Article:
Custom made Nintendo Entertainment System case with full Mini-ITX gaming build inside with Bluray drive, USB 3.0 ports, working NES/SNES controller ports, power button, reset button, and LED light.
I decided to do this build because I had seen a few people try their hand at this and their completed build left a lot to be desired. I wanted to go all out and build the ultimate Retro-ish HTPC that had all the features of a gaming PC and more in a tiny package!
This build took me the better part of a year to fabricate with fitting, trial and error, fine-tuning, and lots of frustration!
The first plan I laid out was to find a power supply small enough to fit and naturally I chose the 160W Pico PSU as it is durable and has an extremely tiny footprint. I then began planning around that by finding a powerful mini-ITX motherboard that would not interfere with the NES' internal functionality like the power/reset buttons, LED, and controller ports. The ASRock z270-ITX was the best choice for me due to it's position of it's internal ports as well as supporting the Noctua L9i CPU cooler for low clearance inside. I then began the crucial and toughest plan of this build, the Graphics Card! I had a lot of ideas floating around like maybe using a Mini GTX 1060 horizontally with a riser cable but with the 1060 I would run the risk of the PSU not being able to supply enough power (I may experiment with this in the future with a 400W HDPlex). After lots of scrapped plans and research I found the card I needed.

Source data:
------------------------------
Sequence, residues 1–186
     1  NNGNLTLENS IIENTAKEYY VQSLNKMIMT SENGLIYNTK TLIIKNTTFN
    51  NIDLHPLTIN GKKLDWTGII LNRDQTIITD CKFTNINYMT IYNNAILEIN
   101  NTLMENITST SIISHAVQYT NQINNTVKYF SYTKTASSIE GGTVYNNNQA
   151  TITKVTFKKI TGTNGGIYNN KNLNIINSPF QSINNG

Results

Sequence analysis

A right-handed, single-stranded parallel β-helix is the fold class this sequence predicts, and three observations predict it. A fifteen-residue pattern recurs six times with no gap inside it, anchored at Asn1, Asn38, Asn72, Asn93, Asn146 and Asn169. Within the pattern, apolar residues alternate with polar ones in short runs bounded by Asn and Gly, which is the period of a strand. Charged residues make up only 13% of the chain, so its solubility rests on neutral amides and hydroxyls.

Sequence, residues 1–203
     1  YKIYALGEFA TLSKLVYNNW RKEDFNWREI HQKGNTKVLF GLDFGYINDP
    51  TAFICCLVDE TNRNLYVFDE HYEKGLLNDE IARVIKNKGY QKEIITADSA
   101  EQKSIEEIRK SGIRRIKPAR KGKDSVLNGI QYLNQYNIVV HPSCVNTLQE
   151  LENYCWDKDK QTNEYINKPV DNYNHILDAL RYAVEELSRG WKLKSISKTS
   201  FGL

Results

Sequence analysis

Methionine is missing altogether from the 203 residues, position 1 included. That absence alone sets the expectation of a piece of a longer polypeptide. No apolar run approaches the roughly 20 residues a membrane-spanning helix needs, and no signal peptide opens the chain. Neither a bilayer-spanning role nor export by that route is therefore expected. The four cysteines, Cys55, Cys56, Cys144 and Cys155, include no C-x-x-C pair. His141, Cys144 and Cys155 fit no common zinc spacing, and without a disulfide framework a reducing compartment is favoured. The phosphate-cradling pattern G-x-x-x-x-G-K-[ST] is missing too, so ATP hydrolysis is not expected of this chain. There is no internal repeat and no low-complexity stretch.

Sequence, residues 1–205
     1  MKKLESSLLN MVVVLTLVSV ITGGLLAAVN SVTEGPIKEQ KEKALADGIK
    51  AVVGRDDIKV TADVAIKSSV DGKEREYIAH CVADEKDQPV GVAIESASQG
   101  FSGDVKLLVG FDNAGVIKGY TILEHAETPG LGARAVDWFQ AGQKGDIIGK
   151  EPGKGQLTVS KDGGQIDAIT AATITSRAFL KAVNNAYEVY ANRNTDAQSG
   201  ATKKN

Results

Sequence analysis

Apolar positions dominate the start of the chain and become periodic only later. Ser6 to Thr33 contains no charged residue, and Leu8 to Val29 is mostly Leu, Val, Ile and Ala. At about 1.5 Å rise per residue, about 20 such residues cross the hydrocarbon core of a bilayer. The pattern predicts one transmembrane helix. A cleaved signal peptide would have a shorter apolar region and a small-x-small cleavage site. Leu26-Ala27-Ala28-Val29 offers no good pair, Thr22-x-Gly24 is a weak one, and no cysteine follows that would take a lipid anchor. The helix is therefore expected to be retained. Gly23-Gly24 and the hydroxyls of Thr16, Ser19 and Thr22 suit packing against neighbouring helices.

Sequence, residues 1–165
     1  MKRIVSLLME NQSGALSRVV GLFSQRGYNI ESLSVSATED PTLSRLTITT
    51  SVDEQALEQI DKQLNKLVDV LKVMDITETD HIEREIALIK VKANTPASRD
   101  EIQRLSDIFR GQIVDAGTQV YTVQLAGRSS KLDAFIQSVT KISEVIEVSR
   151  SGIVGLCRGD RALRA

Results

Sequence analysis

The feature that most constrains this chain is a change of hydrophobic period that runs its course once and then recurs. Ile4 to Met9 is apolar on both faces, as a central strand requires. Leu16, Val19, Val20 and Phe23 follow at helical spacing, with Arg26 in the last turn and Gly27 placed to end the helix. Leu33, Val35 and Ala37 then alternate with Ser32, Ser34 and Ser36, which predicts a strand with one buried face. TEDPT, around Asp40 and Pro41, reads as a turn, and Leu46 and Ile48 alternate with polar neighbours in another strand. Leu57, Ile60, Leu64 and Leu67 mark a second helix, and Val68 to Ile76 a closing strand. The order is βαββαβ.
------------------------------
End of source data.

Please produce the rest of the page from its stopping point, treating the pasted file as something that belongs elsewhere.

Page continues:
The Zotac 1050 TI Low Profile was an absolute perfect fit for this build. The top of the NES has only just 1mm clearance inside after some tweaking to the motherboard standoffs. With clearance and measurements laid out I was able to finally fit my design inside and begin the arduous and painstaking task of Dremeling this thing to pieces so it could all fit. 3 tubes of JB-Weld, a can of spraypaint for the misc pieces, another sacrificial NES, and 1 bottle of Buffing Compound later I had finally gotten this thing looking fairly finished.
Finally, with the end in sight I had to think of the best and most efficient way to cool this PC. I was throwing around ideas like adding blowers or small fans for the top vent but I wanted it to be as quiet as it could be and small fans/blowers weren't the answer so, with a little tweaking and some inspiration from other builds like this, I chose a 15x80mm intake fan at the side to allow as much airflow as possible. A few hole saw cuts and some mesh wire was the finishing touches that it needed to keep this thing both physically and visually cool!
The last step in my plans were to make the front buttons and controller ports FULLY functional and that I was able to do thanks to more JB-weld, some soldering, a couple of SNES controller ports, and a 4NES4SNES PCB I purchased so that the controllers could be managed via USB.
This was an exciting and educational project that I am very proud of and hope to maybe experiment with another one in the future!